In FIGS. 8 and 9A, #2 unit is an controlling portion of isolating means, #3 unit is a voltage detecting portion of auxiliary battery which controls the isolating means 38 together with the controlling portion of isolating means #2 unit, numeral 55 refers to a relay circuit comprising a relay winding 55-1 and a relay contact 55-2, one end of the relay winding 55-1 being connected to the terminal X shown in FIG. 8, and one end of the relay contact 55-2 being connected to the terminal Z shown in FIG. 8. Numeral 56 is a first semiconductor switching element, for example a transistor, 57 is a first Zener diode having a Zener voltage corresponding to a prescribed voltage generated by the generator 1, 58 is a capacitor, 59 through 61 are resistors, 62 is a second semiconductor switching element, for example, a transistor, 63 is a second Zener diode having a Zener voltage corresponding to a prescribed charging voltage of the auxiliary battery 4, 64 through 66 are resistors. Other numerals refer to those represented by like numerals in FIG. 5.

As the engine starts its operation and the voltage generated in the generator 1 increases, the charging voltage of the capacitor 58 increases and exceeds the Zener voltage of the first Zener diode 57. Then, the first Zener diode 57 turns on into a conducting state and the first transistor 56 is turned on. As the first transistor 56 is turned on, current is fed to the relay winding 55-1 of the relay circuit 55 and the relay contact 55-2 is closed. That is, an electric circuit from the terminal X shown in FIG. 8 to the ground through the relay winding 40 of the isolating means 38 and the relay contact 55-2 of the relay circuit 55 is closed and current is fed to the relay winding 40 of the isolating means 38 to make the relay contact 39. Thereby, the voltage generated in the generator 1 reaches the prescribed level and the relay contact 39 of the isolating means 38 is closed to make the electric circuit between the main and auxiliary batteries 3 and 4. The supply voltage to the auxiliary battery 4 is boosted by the d-c booster circuit #1 unit and the auxiliary battery 4 is charged as long as the voltage generated in the generator 1 is more than the prescribed level. When the revolution of engine is decreased or stopped and the voltage produced in the generator 1 drops to less than the prescribed level, the first Zener diode 57 is turned off, and thereby the electric circuit between the main and auxiliary batteries 3 and 4 is opened. On the other hand, as long as the generator 1 is in steady operation and the d-c booster circuit #1 unit is operated to boost the supply voltage to the auxiliary battery 4, a current proportional to the potential on the terminal Y shown in FIG. 8 flows from the terminal Y to the ground through the resistors 65 and 66 of the voltage detecting portion of auxiliary battery #3 unit shown in FIG. 9A. In other words, #3 unit is watching the voltage on the terminal Y and the protector for overcharging on the auxiliary battery 4, too. With an increase in the potential on the terminal Y, the above-mentioned current increases and the voltage across the resistor 66 exceeds the Zener voltage of the second Zener diode 63, then the second Zener diode 63 is turned on, and the second transistor 62 is also turned on. In this way, as the second transistor 62 is turned on, the first Zener diode 57 which has been in ON state is now turned off, and thereby the first transistor 56 is switched from ON state to OFF state.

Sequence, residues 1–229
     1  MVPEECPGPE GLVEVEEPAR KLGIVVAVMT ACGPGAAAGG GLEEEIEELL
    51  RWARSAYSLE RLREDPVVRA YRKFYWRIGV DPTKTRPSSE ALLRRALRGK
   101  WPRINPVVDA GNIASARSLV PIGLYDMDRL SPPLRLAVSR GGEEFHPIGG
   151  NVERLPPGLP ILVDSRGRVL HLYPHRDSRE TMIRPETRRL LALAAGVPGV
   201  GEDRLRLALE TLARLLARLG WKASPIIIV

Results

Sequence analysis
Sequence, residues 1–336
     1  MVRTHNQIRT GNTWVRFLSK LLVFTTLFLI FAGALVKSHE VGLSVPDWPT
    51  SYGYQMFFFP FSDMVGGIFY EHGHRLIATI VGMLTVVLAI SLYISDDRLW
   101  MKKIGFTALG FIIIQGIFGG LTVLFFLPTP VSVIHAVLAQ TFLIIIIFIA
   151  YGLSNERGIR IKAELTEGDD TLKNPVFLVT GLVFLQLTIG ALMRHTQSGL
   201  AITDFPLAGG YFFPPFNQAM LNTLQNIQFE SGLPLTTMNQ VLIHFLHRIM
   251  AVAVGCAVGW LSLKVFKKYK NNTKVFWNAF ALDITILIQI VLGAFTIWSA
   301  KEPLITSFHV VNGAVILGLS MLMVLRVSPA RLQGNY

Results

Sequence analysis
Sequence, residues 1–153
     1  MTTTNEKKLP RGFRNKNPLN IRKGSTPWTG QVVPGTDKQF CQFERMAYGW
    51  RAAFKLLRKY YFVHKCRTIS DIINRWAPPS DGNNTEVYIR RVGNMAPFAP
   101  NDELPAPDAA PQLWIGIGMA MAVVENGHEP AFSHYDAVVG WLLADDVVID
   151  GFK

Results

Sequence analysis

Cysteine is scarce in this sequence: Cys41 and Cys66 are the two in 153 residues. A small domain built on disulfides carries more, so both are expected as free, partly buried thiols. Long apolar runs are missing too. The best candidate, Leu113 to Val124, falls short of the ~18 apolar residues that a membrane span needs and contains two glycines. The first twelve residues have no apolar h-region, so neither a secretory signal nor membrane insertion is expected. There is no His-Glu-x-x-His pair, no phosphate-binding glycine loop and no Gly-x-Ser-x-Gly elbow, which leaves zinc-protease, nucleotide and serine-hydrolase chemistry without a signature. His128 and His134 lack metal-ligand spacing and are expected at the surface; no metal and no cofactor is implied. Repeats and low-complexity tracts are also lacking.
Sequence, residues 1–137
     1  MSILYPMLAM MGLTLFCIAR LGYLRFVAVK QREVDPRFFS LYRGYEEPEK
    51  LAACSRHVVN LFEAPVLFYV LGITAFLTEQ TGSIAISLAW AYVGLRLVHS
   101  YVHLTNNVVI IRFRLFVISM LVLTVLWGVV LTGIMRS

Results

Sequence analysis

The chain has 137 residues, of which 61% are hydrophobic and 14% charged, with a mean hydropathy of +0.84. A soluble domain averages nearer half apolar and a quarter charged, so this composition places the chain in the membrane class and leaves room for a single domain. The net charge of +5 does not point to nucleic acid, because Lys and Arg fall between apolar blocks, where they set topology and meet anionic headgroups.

Consequently, the current supply from the generator 1 to the d-c booster circuit #1 unit is discontinued and the d-c booster circuit #1 unit stops its oscillation. In this way, when the voltage of the auxiliary battery 4 exceeds the prescribed level corresponding to the Zener voltage of the second Zener diode 63, the d-c booster circuit #1 unit does not operate, and thereby the voltage of the auxiliary battery 4 cannot exceed the prescribed level.

An embodiment of the present invention consisting of circuits shown in FIGS. 8 and 9B has a construction in which the terminal X shown in FIG. 8 is connected to the resistor 59 of the controlling portion of isolating means #2 unit and the relay winding 55-1, and a resistor 67 is used in place of the capacitor 58 shown in FIG. 9A. Other numerals in the figure correspond with like numerals in FIG. 9A.